Definition of sandbagging

Sandbagging, in any handicapped sport, is the unethical practice of deliberately playing below your ability in order to alter your handicap so it does not reflect your true ability.

24 Random Essential Billiards Terms

An unintentional and often barely perceptible curve imparted to the path of the cue ball from the use of english without a level cue. Not to be confused with a swerve shot.
This can be a shot where the best option for you is to sink a ball in you opponents pocket in the game of one pocket. This can also refer to the act of offering an opponent a ball adjustment to even the playing field.
The area on the table behind the head string.
The origin of the term has been the subject of some speculation but the best explanation known is that in the 1800s, many homes did not have room for both a billiard table and a dining room table. The solution was a billiards table that had a cover converting it into a dining table. Kept in the dining room, play on such a table was often restricted by the size of the room, so it would be placed so that the head rail would face the connected kitchen door, thus affording a player room for the backswing without hitting a wall. A player was therefore either half or sometimes fully (literally) "in the kitchen" when breaking the balls.
Same as feather (US) or snick (UK)
This shot refers to using heavy follow to push through an object ball on its way to its destination.
A short and loose stroke performed in a manner similar to the way one throws a dart; usually employed for a jump shot. See also nip draw.
In certain carom billiards games, any shot in which the cue ball is sucessfully caromed off an object ball to strike another object ball (with or without contacting cushions in the interim) is a considered a billiards shot.
Also lady's aid or girly stick. A denigrating term for the mechanical bridge.
A combination shot, where hitting the first ball rubs it against the center connecting line of two frozen object balls throwing the second out.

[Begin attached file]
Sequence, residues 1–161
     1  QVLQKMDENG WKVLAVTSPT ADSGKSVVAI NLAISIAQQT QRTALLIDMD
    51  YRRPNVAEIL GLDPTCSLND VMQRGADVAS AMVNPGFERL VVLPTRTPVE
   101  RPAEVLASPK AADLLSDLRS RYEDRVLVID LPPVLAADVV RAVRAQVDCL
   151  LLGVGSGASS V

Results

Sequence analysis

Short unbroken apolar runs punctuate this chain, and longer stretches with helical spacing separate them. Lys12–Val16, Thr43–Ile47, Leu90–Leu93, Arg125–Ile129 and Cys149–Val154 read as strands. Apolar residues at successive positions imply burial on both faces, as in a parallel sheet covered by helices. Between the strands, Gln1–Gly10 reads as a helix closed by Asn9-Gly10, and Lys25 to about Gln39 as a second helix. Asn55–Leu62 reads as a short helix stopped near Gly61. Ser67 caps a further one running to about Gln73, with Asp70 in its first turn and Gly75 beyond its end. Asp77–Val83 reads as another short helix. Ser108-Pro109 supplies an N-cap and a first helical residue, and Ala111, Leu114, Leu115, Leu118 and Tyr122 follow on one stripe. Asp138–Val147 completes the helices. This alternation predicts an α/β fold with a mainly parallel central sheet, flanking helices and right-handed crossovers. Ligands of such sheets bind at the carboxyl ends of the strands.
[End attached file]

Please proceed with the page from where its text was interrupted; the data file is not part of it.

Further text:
The pocket in snooker that is closest to the green spot.
The Union Mondiale de Billard (French for World Union of Billiards) is the world governing body for carom (carambole) billiard games. The organization was founded in Madrid, Spain on 1 June 1959, and is dedicated to promoting the modern carom billiards games. The UMB monitors and controls international carom competitions and tournaments, and organizes an annual World Three-cushion Billiards Championship.
Making all of the required shots in a game (rack) without the opponent ever getting to the table or getting back to the table.
Describes a cue ball sliding on the cloth without any top spin or back spin on it.
This is a shot where the cue ball caroms off a number of balls in a pin ball, back and forth, fashion to achieve a shot.
Carambole billiards is a French billiards game involving two cue balls and a single red object ball. The purpose of carambole billiards is to obtain points by contacting the object ball and the opponent's cue ball in the same shot.
Used in snooker in reference to the position of the cue ball. It is "below" the object ball if it is off-straight on the top cushion side of the imaginary line for a straight pot (e.g. he will want to finish below the black in order to go into the reds).
Describing a pot played at such a pace as to just reach the pocket and drop in without hitting the back.
A joint type in which the butt and shaft screw together in a tight lock, resulting in a better shot with more hitting power.
In snooker, a shot where a player fouls by missing the ball on altogether. The miss rule allows for his opponent to have the player play exactly the same shot again, or at least as accurately as the referee is able to reproduce the ball positions. A miss usually occurs when a player makes an unsuccessful attempt at escaping from a snooker. It is a controversial rule aimed at formally discouraging deliberate fouls. In professional snooker, a referee will almost always call a miss on any foul where the player misses the ball on altogether, regardless of how close the player comes to hitting it, however no miss can be called when either of the players requires snookers to win the frame. If a player is called for a miss three times in a single visit while not snookered, he forfeits the frame; to avoid this, players almost always play an easy hit on their third attempt, even if it is likely to leave a chance for the opponent.
Three Cushion is a form of carom billiards.
The object of the game is to carom the cue ball off both object balls and contact the rail cushions at least 3 times before the last object ball. A point is scored for each successful carom.
Chiefly British: Short for side spin. In Canadian usage, the term is sometimes used as a verb, "to side".
This is to lay down the money on the table in a betting game before play begins to ensure pay up at the end.
This is a very easy and safe shot to execute in the game of one pocket.
In snooker, any of the three colour balls that get spotted on the baulk line: the yellow, green or brown ball.